Issue Date: 25 March 2020
Inventory Optimisation in the Cloud
By Alex Mills, Sales & Marketing Director at ProSKU
Businesses need to maintain a balance between stock availability, which is usually a good thing, and carrying too much inventory, which is generally not. Getting this right is a headache for any business but it can be doubly problematic for a smaller enterprise, and without effective stock control, time consuming and expensive. Some may struggle with paper-based processes or spreadsheets while others may use basic functions in accounting, sales or online applications. But none of these compares with a proper WMS, and while traditional managed solutions may be beyond the budgets of growing businesses, the new generation of cloud-based WMS can offer fast, inexpensive implementation and fixed monthly pricing to create a real step-change alternative.
Getting stock levels right is important. Availability and the ability to deliver quickly is the lifeblood of any supply business. Studies show that customers buy from suppliers that can demonstrate they have the item and when it will be delivered. They are less likely to buy from a business that cannot. A WMS allows a supplier to maintain a real-time inventory manifest. At a simple level this means stock availability can easily be checked. But when a WMS is integrated with the supplier’s website or e-commerce applications the information can be presented in real time to potential online customers.
Behind the scenes the WMS can also ensure that stock is available and ready to sell. If stock levels fall below predetermined levels, it can flag an alert or trigger an order (by integration with other systems if needed) for replacement stock. When this arrives in the warehouse it can be allocated storage space and immediately made available for sale. Integrating a cloud WMS with e-commerce applications gives the business the maximum opportunity to satisfy customers without disruption, and much of this can be managed by the WMS.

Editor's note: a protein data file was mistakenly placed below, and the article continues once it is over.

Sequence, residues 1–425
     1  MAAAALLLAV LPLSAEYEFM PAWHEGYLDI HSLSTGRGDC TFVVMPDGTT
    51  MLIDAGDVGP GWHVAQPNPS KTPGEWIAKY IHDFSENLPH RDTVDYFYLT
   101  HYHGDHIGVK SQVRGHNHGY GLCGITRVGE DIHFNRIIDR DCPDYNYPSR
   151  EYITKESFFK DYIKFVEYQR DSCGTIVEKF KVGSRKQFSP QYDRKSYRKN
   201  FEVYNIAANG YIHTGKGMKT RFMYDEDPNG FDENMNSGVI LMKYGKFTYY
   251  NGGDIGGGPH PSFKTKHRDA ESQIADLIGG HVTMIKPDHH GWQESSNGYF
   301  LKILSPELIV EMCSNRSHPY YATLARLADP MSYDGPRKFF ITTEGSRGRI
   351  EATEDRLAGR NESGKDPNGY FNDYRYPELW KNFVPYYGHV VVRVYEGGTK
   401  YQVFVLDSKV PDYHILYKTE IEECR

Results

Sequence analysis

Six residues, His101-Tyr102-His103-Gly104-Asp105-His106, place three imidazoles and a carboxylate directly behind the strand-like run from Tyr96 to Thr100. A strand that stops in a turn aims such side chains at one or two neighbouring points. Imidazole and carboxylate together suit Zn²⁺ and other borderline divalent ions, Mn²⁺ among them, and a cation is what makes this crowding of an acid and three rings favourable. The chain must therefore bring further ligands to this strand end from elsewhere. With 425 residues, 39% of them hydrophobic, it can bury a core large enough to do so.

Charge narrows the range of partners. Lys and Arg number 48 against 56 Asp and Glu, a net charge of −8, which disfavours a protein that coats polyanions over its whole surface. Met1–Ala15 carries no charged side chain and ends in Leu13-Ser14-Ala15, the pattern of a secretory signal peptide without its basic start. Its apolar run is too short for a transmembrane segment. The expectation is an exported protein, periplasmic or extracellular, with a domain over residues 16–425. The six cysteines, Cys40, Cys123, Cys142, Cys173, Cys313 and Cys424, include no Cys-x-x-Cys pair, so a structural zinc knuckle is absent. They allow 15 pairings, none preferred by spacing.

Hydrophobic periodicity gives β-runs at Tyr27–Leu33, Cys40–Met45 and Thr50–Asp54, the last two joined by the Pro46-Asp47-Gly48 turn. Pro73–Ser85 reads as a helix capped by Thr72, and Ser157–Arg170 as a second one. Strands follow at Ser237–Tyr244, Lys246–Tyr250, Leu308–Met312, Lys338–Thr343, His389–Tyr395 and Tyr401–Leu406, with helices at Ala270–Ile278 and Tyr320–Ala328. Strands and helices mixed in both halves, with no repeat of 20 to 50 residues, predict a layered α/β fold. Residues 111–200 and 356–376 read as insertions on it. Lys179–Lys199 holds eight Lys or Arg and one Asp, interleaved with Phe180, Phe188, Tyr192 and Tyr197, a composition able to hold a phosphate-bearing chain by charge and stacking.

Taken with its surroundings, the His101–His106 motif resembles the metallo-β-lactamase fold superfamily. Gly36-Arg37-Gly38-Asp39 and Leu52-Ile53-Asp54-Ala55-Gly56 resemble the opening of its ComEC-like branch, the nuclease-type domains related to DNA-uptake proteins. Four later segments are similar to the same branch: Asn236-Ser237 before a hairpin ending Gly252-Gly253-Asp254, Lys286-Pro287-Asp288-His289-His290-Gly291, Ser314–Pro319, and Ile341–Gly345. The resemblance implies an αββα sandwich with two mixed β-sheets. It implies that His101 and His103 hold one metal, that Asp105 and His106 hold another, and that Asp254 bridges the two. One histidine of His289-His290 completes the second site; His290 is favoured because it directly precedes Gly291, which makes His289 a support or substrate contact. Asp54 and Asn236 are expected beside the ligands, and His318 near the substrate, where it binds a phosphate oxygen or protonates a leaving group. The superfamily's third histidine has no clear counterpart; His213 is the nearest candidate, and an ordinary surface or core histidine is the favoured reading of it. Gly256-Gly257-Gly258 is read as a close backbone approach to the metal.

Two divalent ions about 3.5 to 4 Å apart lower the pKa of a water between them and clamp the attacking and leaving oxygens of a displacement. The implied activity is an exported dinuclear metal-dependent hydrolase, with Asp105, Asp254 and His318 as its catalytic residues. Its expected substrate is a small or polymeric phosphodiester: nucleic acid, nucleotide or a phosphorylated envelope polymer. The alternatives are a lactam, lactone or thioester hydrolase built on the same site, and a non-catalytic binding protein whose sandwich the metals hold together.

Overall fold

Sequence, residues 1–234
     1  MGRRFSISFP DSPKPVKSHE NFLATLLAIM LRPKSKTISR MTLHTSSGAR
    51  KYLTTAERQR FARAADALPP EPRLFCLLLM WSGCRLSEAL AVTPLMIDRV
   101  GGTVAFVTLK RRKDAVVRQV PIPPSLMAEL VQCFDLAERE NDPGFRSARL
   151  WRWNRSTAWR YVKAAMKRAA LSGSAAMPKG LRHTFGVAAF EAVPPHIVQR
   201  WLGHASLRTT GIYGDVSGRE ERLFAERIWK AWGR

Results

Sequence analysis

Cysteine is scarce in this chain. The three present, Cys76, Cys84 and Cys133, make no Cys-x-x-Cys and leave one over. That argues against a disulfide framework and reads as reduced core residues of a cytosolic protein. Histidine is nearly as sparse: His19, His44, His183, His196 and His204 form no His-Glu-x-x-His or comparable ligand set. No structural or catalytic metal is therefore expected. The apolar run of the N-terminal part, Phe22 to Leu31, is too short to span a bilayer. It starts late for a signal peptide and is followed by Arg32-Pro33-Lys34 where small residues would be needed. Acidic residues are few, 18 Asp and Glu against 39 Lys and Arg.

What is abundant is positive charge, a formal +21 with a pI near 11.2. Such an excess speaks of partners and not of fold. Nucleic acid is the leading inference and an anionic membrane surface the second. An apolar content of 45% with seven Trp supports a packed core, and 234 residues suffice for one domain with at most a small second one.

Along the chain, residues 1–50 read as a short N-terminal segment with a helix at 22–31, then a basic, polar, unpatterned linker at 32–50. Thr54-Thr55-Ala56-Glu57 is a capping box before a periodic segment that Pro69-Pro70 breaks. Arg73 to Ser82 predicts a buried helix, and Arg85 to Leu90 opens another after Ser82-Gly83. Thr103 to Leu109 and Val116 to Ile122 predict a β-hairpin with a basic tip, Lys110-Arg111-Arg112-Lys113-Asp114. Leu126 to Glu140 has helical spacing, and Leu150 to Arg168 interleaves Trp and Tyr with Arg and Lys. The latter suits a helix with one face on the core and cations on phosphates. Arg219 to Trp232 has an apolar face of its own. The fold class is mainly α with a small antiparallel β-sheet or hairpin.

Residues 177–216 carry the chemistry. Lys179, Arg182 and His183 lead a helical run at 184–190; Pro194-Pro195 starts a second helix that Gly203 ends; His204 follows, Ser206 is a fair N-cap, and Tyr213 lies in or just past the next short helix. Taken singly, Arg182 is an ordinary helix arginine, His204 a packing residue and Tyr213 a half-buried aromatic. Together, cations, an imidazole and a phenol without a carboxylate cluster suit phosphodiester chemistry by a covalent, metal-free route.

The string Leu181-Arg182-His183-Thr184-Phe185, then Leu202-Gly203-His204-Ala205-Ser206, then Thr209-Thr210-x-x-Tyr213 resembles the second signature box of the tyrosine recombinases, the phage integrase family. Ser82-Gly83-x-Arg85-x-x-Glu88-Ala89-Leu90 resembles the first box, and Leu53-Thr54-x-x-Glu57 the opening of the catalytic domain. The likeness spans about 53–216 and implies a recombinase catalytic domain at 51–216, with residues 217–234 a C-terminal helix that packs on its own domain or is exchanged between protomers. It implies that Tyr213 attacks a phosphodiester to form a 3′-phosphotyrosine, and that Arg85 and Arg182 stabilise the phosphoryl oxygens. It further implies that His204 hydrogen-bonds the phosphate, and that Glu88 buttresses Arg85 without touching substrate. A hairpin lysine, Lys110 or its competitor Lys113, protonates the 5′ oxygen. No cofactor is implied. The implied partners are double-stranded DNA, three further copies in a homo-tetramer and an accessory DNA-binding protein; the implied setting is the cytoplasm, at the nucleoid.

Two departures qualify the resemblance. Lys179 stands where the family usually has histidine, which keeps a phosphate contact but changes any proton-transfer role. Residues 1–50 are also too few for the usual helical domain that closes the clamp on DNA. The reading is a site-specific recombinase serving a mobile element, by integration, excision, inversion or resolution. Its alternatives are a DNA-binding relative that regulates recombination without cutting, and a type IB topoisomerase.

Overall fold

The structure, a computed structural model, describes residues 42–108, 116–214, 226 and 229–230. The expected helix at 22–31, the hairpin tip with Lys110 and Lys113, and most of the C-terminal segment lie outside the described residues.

Overstocking can also be problematic. All stock takes up space and excess stock will cost more to handle and store. It also prevents the business from extending its stock lines without expanding its storage facilities, which can be even more costly. But there is an additional problem with having too much stock. A business may have invested in materials to produce goods or committed to buying items from suppliers for resale. In both scenarios excess stock ties up cash that is only released when items are sold at a future point. It follows then that even a modest reduction in stock levels can release cash to use elsewhere in the business or improve the bottom line. A cloud WMS helps to optimise stock levels by ensuring the accuracy, efficiency and discipline needed to run a leaner warehousing operation. Savings made here alone can soon generate a return on investment.
Getting stock levels right is further complicated if the business offers perishable or limited shelf-life lines. Here the priority is to ensure items are sold and delivered before they go out of date, so product availability can fluctuate on a daily basis. Conventionally, businesses employ a first-in, first-out stock rotation policy and many manage this successfully with paper-driven processes. But a cloud WMS is much more efficient and, as with other stock management and order processing tasks, it is accurate and consistent.
Users have constant, real time access to important warehouse and stock control information with a cloud WMS. This can be viewed and managed from almost any device using a browser or dedicated app, with the WMS managing user access as appropriate. This type of control can be particularly useful for smaller and growing businesses where key staff undertake multiple roles which mean they’re not close to a desktop PC. For people in this situation, the ability to monitor and respond while carrying out other important tasks can be critical.
Cloud WMS can be integrated with other business applications and e-commerce platforms using standard data formats and APIs. Data from existing systems can also be imported quickly using familiar formats like CSV. This means applications can usually be configured to go live in very short timeframes, weeks or even days rather than months, to gain faster benefits and ROI. Unlike traditional on-premise systems there are few upfront costs and the per-user or transaction-based pricing is predictable and scalable, making it an affordable step-change alternative to doing nothing.